Electric Canyon was designed and constructed in 2002 and 2003. The two year process began with a phone call to a studio designer I read about in Tape Op Magazine. I couldn’t find the article again, so I emailed publisher, Larry Crane, who replied “Wes Lachot”. Initial contact with Wes was supportive while spelling out the realities of the potential endeavor; the financial costs, the labor costs (mostly myself, a couple tradesmen here and there, and enthusiastic laborers in the form of friends and local musicians), and the emotional costs.
Wes wanted pictures and videos of the space and site in Butte Creek Canyon along with images of my current studio setup in a 1950’s suburban ranch style house in Chico, California. The videos revealed not only the space available for the build out, but my current recording method and how it could be expanded to better accommodate the bands and artists in this neck of the woods. The last shots on the video were the bluffs of the Canyon to show the beauty of the location. My friend chimed in, “He’s probably is not interested in that…” On the contrary, the beauty of the location fascinated him and sealed the deal.
At a time when big studios were closing and smaller production studios and home recording were becoming popular, there was some risk. It made business sense to me to construct a destination studio with high quality acoustics and the comforts of creation for the North Valley. I had an established track record of albums and artists dating back to 1994, but no realistic idea of the scope of a studio build in the beginning. The time and the money to get the job done was four times greater than my first guess by the time the studio passed final inspection.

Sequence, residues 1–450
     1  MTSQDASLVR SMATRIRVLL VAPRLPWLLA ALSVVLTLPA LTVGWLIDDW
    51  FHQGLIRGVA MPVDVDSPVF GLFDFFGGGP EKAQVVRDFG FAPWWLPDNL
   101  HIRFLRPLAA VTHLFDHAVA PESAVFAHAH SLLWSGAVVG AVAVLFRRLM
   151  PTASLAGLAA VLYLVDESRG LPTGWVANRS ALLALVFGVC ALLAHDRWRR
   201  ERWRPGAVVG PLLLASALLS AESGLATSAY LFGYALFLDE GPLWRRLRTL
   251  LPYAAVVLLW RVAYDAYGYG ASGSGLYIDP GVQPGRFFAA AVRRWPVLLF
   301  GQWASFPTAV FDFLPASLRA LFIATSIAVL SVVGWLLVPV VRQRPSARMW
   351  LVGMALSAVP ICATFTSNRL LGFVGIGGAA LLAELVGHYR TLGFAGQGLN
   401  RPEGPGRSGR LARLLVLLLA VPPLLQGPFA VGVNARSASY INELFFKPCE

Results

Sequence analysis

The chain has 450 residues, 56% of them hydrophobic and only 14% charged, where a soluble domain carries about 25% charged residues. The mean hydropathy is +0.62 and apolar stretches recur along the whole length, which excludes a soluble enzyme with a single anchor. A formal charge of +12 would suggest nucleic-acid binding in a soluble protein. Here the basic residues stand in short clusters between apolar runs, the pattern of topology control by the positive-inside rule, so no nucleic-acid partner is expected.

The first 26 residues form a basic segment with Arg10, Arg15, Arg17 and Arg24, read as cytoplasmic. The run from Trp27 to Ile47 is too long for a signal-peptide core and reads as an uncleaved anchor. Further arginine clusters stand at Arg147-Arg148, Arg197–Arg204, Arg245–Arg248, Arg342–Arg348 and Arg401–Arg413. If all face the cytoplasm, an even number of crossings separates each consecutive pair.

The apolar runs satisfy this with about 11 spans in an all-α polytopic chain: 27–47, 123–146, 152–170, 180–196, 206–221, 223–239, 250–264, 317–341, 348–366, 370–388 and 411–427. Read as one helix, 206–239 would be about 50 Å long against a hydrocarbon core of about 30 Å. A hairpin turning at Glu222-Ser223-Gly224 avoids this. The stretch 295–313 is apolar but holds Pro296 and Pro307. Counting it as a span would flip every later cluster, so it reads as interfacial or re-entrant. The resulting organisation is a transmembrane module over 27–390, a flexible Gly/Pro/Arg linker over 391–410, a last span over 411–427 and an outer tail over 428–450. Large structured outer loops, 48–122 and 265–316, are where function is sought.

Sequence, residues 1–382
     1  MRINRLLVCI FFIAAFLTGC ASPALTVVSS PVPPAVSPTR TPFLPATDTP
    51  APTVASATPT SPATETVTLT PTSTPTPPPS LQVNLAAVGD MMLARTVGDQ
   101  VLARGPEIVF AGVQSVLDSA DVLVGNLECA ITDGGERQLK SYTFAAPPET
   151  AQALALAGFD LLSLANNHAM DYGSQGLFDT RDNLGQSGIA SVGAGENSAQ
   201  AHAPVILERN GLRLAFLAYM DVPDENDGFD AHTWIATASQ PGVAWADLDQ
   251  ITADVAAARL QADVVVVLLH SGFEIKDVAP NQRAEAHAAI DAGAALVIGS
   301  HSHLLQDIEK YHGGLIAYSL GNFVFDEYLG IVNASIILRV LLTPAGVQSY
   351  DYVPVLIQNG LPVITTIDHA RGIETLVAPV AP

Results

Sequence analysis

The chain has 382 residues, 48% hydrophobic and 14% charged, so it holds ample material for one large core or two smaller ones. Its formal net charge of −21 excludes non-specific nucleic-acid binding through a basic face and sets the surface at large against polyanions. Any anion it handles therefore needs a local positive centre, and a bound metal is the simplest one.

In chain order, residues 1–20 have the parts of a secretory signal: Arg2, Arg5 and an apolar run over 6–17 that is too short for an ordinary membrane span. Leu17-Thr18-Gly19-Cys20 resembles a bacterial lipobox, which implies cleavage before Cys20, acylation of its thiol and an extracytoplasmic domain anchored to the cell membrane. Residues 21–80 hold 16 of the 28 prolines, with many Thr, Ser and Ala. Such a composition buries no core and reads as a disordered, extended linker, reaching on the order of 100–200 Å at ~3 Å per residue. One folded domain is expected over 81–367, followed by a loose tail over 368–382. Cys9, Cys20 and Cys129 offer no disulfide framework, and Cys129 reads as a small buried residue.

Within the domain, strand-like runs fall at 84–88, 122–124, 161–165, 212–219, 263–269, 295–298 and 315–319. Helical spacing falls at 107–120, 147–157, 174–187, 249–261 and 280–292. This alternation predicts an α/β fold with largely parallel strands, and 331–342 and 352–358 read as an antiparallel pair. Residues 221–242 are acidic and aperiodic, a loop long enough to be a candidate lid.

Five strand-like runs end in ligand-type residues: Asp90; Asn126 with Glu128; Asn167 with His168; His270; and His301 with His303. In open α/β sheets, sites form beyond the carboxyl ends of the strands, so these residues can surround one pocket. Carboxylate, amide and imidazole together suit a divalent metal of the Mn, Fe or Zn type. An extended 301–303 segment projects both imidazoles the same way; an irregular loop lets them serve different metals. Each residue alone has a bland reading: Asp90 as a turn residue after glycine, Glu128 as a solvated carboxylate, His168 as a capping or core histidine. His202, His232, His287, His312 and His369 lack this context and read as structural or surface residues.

The cost of the design was very reasonable. Wes came out and helped with the build four times for several days of each project phase. That is a luxury he can no longer provide with his current busy schedule. He now has a team of experts that work at build locations. Much of the construction costs were for large amounts of lumber for the framing and enough sheetrock for two to four layers on all surfaces. Thirteen custom doors, dozens of dual pane windows and thick glass, acoustic panel material, fabrics for covering and a custom air conditioner large enough for two McMansions also were in order. As the contractor and project manager, I sought out the best deals on everything through local trades people, building suppliers, and the internet (which was a pain in the dial up days).
The first meeting with Wes came after a Tape Op conference we both attended in Sacramento. He was also wrapping up another build in Northern California at the time, The Pus Cavern. I had the opportunity to visit Pus Cavern and see architectural detail that would be used in my build. Consequently, I have seen Wes’ builds since with architectural detail first implemented at Electric Canyon. Lachot’s studios are unique with common thematic design elements including: 1. A reflection free zone (RFZ) style control room for accurate listening experience in the majority of the room via soffit (in-wall) speakers. 2. A live room that has a pleasant mildly ambient and controlled sonic signature. 3. Classic comfort of great musical creation spaces of the 60’s, 70’s and 80’s. 4. Architectural styling inspired by Frank Lloyd Wright- Cypress wood trim , emphasis of horizontal via valence trim and room to room parquet floor for unity of space, making it feel extra spacious as perceived by the occupant.